Environmental pollution is one of the most visible and talked-about phenomena of the 21st century. NanoPack and Eco-Drive are two of the Israeli initiatives that are taking on this challenge
Whether in water, in the air or on land, pollution resulting from human-generated waste has become a major threat to the world we live in. As a response to this problem, the European Commission has adopted the Zero-Pollution Action Plan.
Among the Plan's features are preservation of biodiversity in Europe's lakes, rivers and wetlands, reduction of particularly harmful pollution from micro-plastics and pharmaceuticals, a review of air quality standards to conform to World Health Organization guidelines, a new chemicals strategy for a toxic-free environment, reduced industrial pollution, support for local authorities to achieve cleaner air, development of sustainable alternatives, and improved regulation of substances released onto the market.
Pioneering Food Packaging
Every year, we throw away or waste a staggering 1.3 billion tonnes of spoiled food, causing not only major economic loss but also significant harm to natural resources.
Researchers from the EU-funded NanoPack project have found a solution for extending food shelf life by using smart antimicrobial surfaces applied to active food packaging. They are now conducting five pilot production runs of this new polymer composite, based on tiny nanotube formations, to test its technical, industrial and commercial viability.
Working at the nanoscale, the team is able to form tiny materials based on natural ‘halloysite nanotubes’ (HNTs), which act as reliable and safe carriers that can deliver minute amounts of an EU-approved bioactive agent or oil to stop food from going bad or becoming moldy. Due to their minuscule size, HNTs are unable to migrate from the food packaging into food itself, which makes them a safe and natural preservative.
Pioneering antimicrobial food packaging not only improves food safety and reduces food waste – major societal challenges – but also has the potential to boost European competitiveness and manufacturing growth.
NanoPack, that will minimize the amount of preservatives required to maintain freshness, add value and assure safety to the entire supply chain, prevent foodborne illness outbreaks and reduce food waste caused by early spoilage, represents a call for an integrative response to the food waste challenge. As Prof. Esty Segal, NanoPack Coordinator from the Department of Biotechnology and Food Engineering at the Technion says: "Developing technologies to reduce food waste by extending its shelf life will be instrumental in achieving the ambitious aims of EU green deal. And yet, existing gaps are not just scientific but also regulatory."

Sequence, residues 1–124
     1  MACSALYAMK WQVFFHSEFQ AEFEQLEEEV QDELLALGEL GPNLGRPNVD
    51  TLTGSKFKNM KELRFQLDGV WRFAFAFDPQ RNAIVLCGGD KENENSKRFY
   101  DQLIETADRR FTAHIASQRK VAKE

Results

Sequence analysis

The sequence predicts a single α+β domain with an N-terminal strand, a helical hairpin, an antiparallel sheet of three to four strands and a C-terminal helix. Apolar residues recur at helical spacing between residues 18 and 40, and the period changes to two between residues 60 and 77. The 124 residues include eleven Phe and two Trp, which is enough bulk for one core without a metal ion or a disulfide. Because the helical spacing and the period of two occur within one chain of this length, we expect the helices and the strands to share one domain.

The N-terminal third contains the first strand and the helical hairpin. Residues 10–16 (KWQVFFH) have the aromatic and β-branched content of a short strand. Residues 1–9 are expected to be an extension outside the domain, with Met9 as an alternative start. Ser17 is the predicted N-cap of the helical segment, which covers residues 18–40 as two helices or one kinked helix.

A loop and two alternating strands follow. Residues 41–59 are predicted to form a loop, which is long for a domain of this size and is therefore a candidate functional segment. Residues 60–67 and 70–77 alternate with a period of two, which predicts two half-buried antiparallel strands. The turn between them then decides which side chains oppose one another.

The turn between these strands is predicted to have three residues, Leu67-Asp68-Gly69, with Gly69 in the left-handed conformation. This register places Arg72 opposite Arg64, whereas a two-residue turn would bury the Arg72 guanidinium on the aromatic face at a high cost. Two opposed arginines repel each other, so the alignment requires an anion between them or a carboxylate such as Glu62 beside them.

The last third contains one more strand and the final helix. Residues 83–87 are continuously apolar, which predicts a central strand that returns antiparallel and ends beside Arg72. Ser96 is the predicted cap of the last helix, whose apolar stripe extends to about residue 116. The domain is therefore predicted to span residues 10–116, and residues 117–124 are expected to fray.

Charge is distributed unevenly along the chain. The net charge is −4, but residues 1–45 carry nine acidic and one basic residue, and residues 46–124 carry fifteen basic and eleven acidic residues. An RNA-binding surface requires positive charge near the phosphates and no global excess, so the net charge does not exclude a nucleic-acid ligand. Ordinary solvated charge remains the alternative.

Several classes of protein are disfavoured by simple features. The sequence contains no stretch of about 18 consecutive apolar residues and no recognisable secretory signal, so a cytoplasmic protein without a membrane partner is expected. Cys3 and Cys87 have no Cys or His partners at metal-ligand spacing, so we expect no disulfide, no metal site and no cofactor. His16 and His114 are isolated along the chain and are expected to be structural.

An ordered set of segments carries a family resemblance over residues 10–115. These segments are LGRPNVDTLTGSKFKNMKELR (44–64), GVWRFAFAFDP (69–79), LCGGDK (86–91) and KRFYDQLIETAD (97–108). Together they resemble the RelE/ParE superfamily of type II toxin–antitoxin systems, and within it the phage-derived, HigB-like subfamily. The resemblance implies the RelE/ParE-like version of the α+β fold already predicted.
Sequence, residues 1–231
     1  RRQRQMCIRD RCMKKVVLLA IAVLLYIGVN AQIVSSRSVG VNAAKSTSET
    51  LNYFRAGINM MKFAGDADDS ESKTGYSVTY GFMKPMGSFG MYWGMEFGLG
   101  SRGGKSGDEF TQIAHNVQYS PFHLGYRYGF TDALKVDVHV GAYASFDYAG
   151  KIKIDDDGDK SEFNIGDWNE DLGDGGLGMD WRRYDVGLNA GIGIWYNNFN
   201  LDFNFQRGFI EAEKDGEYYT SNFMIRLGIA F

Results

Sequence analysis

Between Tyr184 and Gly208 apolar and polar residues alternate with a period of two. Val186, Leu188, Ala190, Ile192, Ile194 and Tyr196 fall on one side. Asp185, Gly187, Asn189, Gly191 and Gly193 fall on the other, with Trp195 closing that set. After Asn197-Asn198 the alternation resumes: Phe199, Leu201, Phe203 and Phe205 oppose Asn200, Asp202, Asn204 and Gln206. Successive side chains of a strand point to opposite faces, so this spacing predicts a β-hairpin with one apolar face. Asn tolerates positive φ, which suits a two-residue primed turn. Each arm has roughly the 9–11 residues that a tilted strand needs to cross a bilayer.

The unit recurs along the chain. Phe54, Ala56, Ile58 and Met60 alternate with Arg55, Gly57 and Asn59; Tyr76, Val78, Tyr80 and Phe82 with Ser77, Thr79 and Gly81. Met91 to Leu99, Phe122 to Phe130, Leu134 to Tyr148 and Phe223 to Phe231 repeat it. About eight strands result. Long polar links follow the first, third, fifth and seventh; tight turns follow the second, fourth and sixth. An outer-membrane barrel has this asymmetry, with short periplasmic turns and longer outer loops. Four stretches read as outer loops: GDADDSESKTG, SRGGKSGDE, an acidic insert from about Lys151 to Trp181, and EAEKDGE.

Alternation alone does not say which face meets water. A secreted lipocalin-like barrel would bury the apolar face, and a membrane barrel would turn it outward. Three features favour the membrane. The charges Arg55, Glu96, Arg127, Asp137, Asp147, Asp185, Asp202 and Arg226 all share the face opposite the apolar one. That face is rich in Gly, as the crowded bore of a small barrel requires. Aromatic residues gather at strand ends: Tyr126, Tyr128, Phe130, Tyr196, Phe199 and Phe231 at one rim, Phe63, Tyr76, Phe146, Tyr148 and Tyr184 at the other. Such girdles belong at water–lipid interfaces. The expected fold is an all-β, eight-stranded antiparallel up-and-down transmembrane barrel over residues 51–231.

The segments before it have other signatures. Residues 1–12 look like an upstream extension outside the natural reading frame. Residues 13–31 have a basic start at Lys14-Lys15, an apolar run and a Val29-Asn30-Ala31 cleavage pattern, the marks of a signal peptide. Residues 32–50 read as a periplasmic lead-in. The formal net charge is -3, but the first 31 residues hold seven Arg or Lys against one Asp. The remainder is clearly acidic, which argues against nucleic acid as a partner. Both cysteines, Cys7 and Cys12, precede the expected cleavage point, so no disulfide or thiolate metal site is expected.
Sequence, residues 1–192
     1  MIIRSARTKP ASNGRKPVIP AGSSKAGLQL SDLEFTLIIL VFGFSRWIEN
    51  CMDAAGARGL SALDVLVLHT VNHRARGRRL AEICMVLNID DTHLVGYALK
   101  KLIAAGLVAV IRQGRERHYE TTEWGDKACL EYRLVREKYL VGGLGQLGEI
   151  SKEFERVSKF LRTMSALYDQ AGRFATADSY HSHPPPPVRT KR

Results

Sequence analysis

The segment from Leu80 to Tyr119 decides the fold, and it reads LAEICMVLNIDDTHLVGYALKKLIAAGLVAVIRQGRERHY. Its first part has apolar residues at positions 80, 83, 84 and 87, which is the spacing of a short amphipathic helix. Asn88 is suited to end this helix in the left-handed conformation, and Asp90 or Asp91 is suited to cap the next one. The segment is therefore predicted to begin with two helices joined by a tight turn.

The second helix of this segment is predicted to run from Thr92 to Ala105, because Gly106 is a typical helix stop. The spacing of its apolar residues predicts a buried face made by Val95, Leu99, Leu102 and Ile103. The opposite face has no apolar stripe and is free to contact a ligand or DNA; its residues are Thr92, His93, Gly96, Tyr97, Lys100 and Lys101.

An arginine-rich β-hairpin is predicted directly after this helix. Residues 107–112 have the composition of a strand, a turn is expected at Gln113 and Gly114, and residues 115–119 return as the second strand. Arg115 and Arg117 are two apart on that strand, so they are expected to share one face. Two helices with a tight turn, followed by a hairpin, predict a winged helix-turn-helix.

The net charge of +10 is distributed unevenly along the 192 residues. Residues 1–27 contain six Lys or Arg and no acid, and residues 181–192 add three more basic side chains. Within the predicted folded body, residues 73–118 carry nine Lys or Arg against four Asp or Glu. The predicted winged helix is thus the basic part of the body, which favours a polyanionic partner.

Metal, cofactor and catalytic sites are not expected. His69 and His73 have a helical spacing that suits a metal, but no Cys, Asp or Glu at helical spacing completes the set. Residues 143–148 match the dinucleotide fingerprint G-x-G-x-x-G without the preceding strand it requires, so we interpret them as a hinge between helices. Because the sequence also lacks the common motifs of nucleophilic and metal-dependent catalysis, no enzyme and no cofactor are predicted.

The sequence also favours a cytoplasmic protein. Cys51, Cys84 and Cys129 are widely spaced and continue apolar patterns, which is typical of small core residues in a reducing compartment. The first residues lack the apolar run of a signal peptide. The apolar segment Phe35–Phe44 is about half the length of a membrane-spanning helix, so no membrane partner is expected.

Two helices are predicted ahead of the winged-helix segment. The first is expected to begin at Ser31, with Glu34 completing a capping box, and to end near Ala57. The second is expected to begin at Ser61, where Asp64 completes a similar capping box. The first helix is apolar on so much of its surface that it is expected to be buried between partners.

Project Acronym: NanoPack
Grant agreement ID: 720815
EU contribution: € 7,665,218
Start date: 1 May 2019; End date: 30 September 2019
Topic(s): PILOTS-02-2016 - Pilot Line Manufacturing of Nanostructured Antimicrobial Surfaces using Advanced Nanosurface Functionalization Technologies
Call for proposal: H2020-NMBP-PILOTS-2016
Coordinator: Technion - Israel Institute of Technology (Israel)
ther Isreali participants: Carmel Olefins Ltd; AGORA P.S.V.D
> CORDIS link
Whether in water, in the air or on land, pollution resulting from human-generated waste has become a major threat to the world we live in. Backed by ISERD, two Israeli initiatives are now taking on this challenge
Aerosol dispensers have serious drawbacks, stemming from the presence of pressurized and, in most cases, combustible gas. The use of pressurized gas requires pressurized packages that must be rigid and cylindrical. The gas, metal and chemicals used are harmful to health and to the environment, have inherent safety issues, and incur high manufacturing, transportation and handling costs.
Changes in consumer shopping habits and growing awareness of sustainability are driving the €9 billion global aerosol packaging market to look for a gas-free alternative to aerosols that is cheaper, safer, more eco-friendly and that allows a wider variety of package forms.
GreenSpense has developed Eco-Drive, a cost-effective alternative to aerosol packages that eliminates their environmental, health and safety issues, opens a new world of recyclable packaging design and brand differentiation opportunities, and can be seamlessly implemented on existing production lines.
The product, that uses flexible plastics or cardboard, provides an aerosol-like dispensing experience with many significant advantages as Amir Biran, one of the company's founders explains: "we have developed an alternative energy source to the gas used in traditional aerosol products, making our product both safer and cleaner. This, coupled with the significantly lower CO2 emissions involved in recycling the packaging materials, makes Eco-Drive a perfect example of the product needed to achieve the goals of the Green Deal."
The product has already gained significant interest from European and international customers and aims to address the strong market demand for a gas-free and pressure-free continuous dispensing package.
Project Acronym: Eco-Drive 2 Market
Grant agreement: 848907
EU contribution: € 1,376,812
Start date: 1 April 2019; End date: 31 March 2021
Topic(s): EIC-SMEInst-2018-2020 - SME instrument
Call for proposal: H2020-SMEInst-2018-2020-2
Coordinator: GreenSpense Ltd
> CORDIS link